I'm currently working on a SQL Server migration (from a SQL Server 2005 to a 2008 R2 server, on a new physical server).

The databases themselves will be transferred using a database backup and restore script. I have tested this fine and it works without problems.

My worry is rather regarding all the other instance/system objects, like Logins, SQL Agent jobs. These have been scripted out from the source server and reapplied on the new server, and I'm afraid I have forgot some. I can obviously visually compare using SQL Management Studio, which is what I did, but it is time-consuming and error-prone. So, before plugging the plug off the existing server in due time, I would prefer to have a more "scientific" way to confirm that everything is in there...

I've looked for software doing this kind of comparison and have found only schema or data compare tools. I guess I could compare the system tables like sys.sql_logins and msdb.dbo.sysjobs, etc, but I don't know them all.

In short, is there a way to quickly compare the instance-level objects of two servers, and if possible, their contents as well rather than just by name?

Thank you.

2 Answers 2


If you're only concerned about Agent Jobs and logins, I think the easiest approach is to leverage a linked server and querying the relative tables. I would do this by first creating a linked server on the old instance that points at the new instance. Once I had that, I could run the following queries:


SELECT * FROM [SQL2005].[master].[sys].[server_principals]
WHERE name NOT IN (SELECT name FROM [SQL2008].[master].[sys].[server_principals])

Agent Jobs

SELECT * FROM [SQL2005].[msdb].[dbo].[sysjobs]
WHERE name NOT IN (SELECT name FROM [SQL2008].[msdb].[dbo].[sysjobs])

There might be some inconsistencies with some server specific accounts/logins, but these queries should show you everything that exists in the old server that doesn't exist in the new server. You should be able to extend this logic to other facets as long as you had system tables to query for it.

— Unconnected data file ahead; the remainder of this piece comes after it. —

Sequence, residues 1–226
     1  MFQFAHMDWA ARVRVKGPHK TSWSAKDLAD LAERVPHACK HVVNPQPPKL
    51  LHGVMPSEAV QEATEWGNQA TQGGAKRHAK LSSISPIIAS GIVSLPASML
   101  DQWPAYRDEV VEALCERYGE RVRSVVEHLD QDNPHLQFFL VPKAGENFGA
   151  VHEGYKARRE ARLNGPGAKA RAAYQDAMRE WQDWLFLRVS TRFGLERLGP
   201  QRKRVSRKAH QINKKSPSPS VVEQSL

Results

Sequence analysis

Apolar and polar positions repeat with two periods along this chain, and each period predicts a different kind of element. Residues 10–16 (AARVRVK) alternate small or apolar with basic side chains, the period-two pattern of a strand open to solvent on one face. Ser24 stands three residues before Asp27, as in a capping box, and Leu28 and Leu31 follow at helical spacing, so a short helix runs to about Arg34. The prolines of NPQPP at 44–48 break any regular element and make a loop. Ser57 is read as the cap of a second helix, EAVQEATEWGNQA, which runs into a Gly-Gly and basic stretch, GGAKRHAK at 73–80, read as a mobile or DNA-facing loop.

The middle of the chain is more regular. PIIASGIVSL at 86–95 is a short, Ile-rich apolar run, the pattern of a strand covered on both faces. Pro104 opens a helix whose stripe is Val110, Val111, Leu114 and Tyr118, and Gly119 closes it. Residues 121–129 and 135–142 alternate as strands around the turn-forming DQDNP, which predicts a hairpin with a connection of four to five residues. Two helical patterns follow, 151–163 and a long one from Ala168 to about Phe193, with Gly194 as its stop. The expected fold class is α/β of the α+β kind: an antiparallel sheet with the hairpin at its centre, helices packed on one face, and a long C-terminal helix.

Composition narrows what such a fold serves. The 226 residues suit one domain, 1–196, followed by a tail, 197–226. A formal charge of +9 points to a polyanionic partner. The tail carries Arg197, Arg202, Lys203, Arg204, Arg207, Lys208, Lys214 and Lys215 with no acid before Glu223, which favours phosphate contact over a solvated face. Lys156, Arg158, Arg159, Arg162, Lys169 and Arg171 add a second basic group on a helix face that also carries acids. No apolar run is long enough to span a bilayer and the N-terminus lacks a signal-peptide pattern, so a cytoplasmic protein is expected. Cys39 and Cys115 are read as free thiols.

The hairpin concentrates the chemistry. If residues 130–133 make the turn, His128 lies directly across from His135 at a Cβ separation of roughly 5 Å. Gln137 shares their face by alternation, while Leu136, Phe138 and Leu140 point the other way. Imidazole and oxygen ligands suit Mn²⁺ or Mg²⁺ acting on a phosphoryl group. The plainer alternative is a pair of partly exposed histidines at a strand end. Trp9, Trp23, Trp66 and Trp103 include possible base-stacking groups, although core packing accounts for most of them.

As for objects that need to be synchronized, I think the best approach is to review your instance for the objects that should be migrated. Typically this would only be logins and Agent Jobs, but could also include linked servers (sys.servers), end points (sys.endpoints), and other objects.


I believe that if you transfer the system databases to your new instance you will retain the system level objects you are referring to. This MSDN article should help (as suggested from a similar question posted here): http://msdn.microsoft.com/en-us/library/ms345408.aspx

There is also an article about transferring logins between instances: http://support.microsoft.com/kb/918992

  • 2
    Thanks, but I've read that migrating the system databases was not a best practice, especially with different SQL Server versions as in my case (2005 -> 2008 R2). Oct 28, 2012 at 20:52
  • This would not be a good idea. If its moving to a shared instance copying over the system data bases would change configuration options, as well as issues with agent jobs, logins, and even other databases on the server. Dec 27, 2012 at 20:37
  • This would not even work for the master database since the OP is going from SQL 2005 to SQL 2008.
    – user507
    Feb 25, 2013 at 22:10

Your Answer

By clicking “Post Your Answer”, you agree to our terms of service and acknowledge you have read our privacy policy.

Not the answer you're looking for? Browse other questions tagged or ask your own question.